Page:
Fear the Walking Dead is going all-in on the nuclear apocalypse, and I'm here for every single minute of it.
Fear the Walking Dead Season 7 Episode 3 was another episode that delved deeper into the characters, and it gave Keith Carradine and Jenna Elfman a lot to work with.
John is newer to the show, but it's clear there are many storytelling possibilities with him. I appreciated that he had to confront his emotions about all of the women murdered by Teddy.
Teddy could have been a distant memory on Fear the Walking Dead Season 7, but he's the reason these nuclear bombs went off in the first place. There was no way John was just going to forget everything and be able to move on.
He had to confront the past to give himself a future, and Carradine was such a delight throughout these harrowing scenes. He's such a great actor, and he made it easy for viewers to feel the weight of John's guilt.
He was haunted by the past, and I'm thankful we got this hour to really understand how he felt. Going out into the unknown was a ballsy move, but who would have thought it would have saved both John and June's lives?
June was clearly struggling being cooped up in the bunker, but she knew the day would come when they could go back into the great outdoors. In essence, they were both very safe in the bunker during the opening months of the nuclear apocalypse.
It was obvious it was going to cave in at some point. John was staring at the same part of it every day, as though he was just waiting for the walls to close in.
The shifting foundations below the ground were scary, but they also helped play into both John and June's fears. The shelves giving way to reveal where Teddy had killed all of these people was harrowing.
But it also helped advance the arcs for both John and June and set us up for the battle ahead. I did believe either John or June would die during this installment because they were in such a confined space, and it was imploding, but I did not expect them to wind up at the Tower.
It came out of the left field and made me question Strand's long-term goal here. The shade he was throwing at Morgan on the walkie-talkie was comical because you could tell Colman Domingo loved this new layer of his character.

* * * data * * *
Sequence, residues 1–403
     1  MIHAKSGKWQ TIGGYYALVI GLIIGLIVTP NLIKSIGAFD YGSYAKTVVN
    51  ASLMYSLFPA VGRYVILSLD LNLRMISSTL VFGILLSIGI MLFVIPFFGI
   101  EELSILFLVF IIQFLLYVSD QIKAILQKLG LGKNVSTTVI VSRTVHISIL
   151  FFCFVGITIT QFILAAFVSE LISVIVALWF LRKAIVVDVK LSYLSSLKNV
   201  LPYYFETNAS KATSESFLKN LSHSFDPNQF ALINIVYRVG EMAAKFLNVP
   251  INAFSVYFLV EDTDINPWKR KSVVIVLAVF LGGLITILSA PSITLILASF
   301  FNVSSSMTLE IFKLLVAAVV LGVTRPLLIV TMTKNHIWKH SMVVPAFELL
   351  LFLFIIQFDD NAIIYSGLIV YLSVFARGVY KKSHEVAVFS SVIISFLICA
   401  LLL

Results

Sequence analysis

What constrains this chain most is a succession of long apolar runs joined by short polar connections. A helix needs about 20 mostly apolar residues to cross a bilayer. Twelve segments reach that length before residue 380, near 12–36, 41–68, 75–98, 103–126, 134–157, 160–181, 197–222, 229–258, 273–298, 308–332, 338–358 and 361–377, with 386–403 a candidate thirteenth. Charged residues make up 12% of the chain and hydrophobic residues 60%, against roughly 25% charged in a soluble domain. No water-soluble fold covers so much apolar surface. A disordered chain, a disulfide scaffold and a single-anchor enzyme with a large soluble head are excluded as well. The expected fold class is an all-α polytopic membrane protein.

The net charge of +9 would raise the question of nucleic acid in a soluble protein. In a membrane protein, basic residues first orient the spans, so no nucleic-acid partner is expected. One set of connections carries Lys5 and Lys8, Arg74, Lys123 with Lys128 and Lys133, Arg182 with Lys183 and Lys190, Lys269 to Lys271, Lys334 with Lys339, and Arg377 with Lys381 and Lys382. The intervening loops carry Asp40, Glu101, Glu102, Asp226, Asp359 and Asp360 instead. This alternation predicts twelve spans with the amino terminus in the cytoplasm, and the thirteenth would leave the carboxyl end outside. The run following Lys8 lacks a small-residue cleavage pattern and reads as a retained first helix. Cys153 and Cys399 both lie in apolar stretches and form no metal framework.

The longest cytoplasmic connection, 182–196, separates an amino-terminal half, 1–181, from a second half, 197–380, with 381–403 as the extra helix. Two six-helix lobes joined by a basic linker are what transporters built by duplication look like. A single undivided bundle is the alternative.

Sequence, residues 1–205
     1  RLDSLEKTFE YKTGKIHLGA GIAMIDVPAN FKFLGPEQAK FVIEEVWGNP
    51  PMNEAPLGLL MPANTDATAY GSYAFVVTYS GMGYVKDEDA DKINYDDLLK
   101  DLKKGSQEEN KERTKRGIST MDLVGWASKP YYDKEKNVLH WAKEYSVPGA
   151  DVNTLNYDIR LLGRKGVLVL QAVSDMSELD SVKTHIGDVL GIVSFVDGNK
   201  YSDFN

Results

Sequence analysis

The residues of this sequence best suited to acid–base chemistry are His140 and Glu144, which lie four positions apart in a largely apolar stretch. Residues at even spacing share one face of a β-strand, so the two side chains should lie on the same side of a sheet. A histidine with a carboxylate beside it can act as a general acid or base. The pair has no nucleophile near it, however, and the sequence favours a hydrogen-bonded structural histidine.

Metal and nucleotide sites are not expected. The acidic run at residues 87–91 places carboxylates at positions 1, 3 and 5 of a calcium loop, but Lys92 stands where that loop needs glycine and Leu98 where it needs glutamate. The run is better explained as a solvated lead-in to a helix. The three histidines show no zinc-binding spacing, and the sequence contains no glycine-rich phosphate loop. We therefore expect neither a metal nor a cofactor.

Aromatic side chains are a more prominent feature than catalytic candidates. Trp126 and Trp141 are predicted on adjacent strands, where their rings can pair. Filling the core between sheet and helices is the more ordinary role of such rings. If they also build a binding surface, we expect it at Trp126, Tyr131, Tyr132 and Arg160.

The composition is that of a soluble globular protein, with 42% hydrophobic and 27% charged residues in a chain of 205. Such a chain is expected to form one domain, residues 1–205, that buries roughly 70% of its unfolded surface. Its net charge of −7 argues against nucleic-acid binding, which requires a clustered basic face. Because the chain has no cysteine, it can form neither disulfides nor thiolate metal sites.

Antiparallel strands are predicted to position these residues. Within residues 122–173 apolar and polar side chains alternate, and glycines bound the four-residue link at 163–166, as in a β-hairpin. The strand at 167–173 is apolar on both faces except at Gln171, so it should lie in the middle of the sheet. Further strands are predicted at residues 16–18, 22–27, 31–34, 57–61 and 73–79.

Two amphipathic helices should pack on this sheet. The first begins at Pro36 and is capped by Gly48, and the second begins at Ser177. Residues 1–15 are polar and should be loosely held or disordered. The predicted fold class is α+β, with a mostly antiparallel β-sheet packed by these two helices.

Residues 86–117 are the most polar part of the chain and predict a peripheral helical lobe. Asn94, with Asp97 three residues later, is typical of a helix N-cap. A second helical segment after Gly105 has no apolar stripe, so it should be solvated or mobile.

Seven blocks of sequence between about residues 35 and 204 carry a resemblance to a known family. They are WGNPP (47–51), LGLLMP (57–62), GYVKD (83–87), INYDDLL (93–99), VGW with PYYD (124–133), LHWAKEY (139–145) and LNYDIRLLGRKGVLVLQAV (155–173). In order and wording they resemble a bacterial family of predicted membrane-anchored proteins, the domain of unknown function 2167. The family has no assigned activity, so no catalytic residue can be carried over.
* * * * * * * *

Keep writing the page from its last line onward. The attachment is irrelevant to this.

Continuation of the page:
A part of Strand wants to take down the people he's worked with before, but June will be an asset to what he is trying to build at the Tower. Any medical professional is needed to get a community off the ground, and I suspect June is going to be conflicted.
On the one hand, helping Strand probably means she will be able to keep John safe. John only came into her life but they're family, and if working with Strand is what keeps them both safe, well, I expect them to do it.
John was adamant about not trusting Strand, but I believe June will be easier manipulated. She was building a hospital before, and now if Strand gives her what she needs to save lives, she will want to carry on with that.
Morgan showing up at the bunker to save them both was a twist too far in my book, but hey, it gave us the Strand vs. Morgan verbal beatdown we needed to solidify this war between the two sides.
Strand doesn't want to make connections with people because he knows those connections could be the difference between whether his community thrives or dies, but now that we have two people he knew before becoming this villain in the Tower, it could make him understand he's going too far.
When all people know is death and destruction, they will be pushed into very different situations. Whether this will result in Strand's death, I don't know, but the series has wasted Domingo's talent over the last few years by giving him poor plots.
It's refreshing to see him set up as the villain in this narrative, but even at that, he might not be a true villain. He sees his actions as necessary to build this community, but it will all come down to whether he is successful.
I'm counting down the days until Alicia crosses paths with him again. Alicia will be his weakness, and possibly even Madison. Yes, she's supposedly dead, but the amount of teasing the showrunners do about her fate has to mean something.
From a technical aspect alone, "Cindy Hawkins" was a beautiful episode. The people behind the scenes making this apocalypse look as real as possible have completely changed the look of the show, and it's welcome.
I can't even begin to imagine how difficult it is to pull off the aftermath of a nuclear blast, but the show is taking risks that the main show does not, something that is keeping this fresh and exciting.
We are nearly halfway through the first batch of episodes, and although we're still mostly in the dark about some of the characters, the series is making me want to watch more. It's in a good place, and I hope they can keep it up.
What did you think of John being haunted by Cindy?
Do you think he made a mistake by going out or do you think it was necessary to his arc?
What are your thoughts on the shade Strand was hurling at Morgan?
Hit the comments.
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Paul Dailly is the Associate Editor for TV Fanatic. Follow him on Twitter.